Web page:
"Egil and Robin are fighting side by side!" the speaker screeched and his eyes rolled around in their sockets.

Egil had managed to somehow push his body next to Robin's, and as they approached the line - he had the advantage. Surely, it wasn't a big one but it was enough for him. Egil pressed all of his weight onto his two skis while using his ski poles to push himself forward. The muscles of his tense torso contracted as he took one final stride to end the race.

He glided over the line and everything was quiet except for the speaker's constant ranting. The crowd was disappointed and they all agreed that Robin deserved the place in the spotlight more. The Norwegian had already had his fair share of starlight and fame.

"And Egil Brekke has done it again, ladies and gentlemen! He has claimed his eleventh medal this season - is there no stop to this man?"

Egil fell to his knees, the drool and snot was mixed together in a cocktail of victory on his chin. Everything was spinning. His lungs and muscles were all cramping and the loud beating of his own heart sounded like gun-shots in his ears. And then, before he had even had time to catch his breath, there was a camera and a microphone in his face.

Robin also laid splayed out on the white snow, tears prickling down his face. His abilities hadn't been enough this time either, but it was so close. The taste of victory had been replaced by the bitterness of losing. A member of Beckenbauer's team had to remove the skis from his feet, as the biathlete in no way was capable of doing it himself.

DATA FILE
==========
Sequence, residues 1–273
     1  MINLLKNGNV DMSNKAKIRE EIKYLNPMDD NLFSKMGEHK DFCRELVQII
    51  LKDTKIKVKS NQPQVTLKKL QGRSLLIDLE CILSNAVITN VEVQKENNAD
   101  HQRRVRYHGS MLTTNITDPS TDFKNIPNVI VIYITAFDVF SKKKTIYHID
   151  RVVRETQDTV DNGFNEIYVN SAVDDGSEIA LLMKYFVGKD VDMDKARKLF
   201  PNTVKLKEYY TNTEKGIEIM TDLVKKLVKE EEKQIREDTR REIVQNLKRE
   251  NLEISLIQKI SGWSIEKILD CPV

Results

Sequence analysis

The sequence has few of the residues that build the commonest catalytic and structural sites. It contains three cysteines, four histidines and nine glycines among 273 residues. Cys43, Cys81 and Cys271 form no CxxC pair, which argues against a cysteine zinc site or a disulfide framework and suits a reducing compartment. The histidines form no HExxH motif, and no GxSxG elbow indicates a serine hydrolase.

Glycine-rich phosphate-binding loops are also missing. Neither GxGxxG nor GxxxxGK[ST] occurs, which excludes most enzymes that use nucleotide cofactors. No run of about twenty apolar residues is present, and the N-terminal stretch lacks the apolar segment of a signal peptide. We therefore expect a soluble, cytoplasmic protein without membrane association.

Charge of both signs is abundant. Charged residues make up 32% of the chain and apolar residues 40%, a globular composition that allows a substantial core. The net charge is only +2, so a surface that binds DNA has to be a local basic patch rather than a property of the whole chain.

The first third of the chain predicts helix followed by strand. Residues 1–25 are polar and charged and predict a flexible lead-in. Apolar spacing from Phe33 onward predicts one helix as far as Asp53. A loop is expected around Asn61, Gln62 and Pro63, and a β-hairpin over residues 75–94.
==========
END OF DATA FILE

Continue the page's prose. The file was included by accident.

A young and pretty journalist nudged the cool surface of a microphone onto Egil's hot and trembling lips. He was half blind since his gasping breaths had formed a thin haze on the glass of his huge protective glasses. The journalist popped the standard question with a fake smile plastered on her face.

"How does it feel to have won the gold medal?" she asked with a heavy German accent.

Lonely, he wanted to say, but he couldn't do that. People couldn't know about how he really felt. Betrayed. Worthless. Stupid.

"It feels… amazing."





0

| Email this story Email this Novel | Add to reading list



Reviews

About | News | Contact | Your Account | TheNextBigWriter | Self Publishing | Advertise

© 2013 TheNextBigWriter, LLC. All Rights Reserved. Terms under which this service is provided to you. Privacy Policy.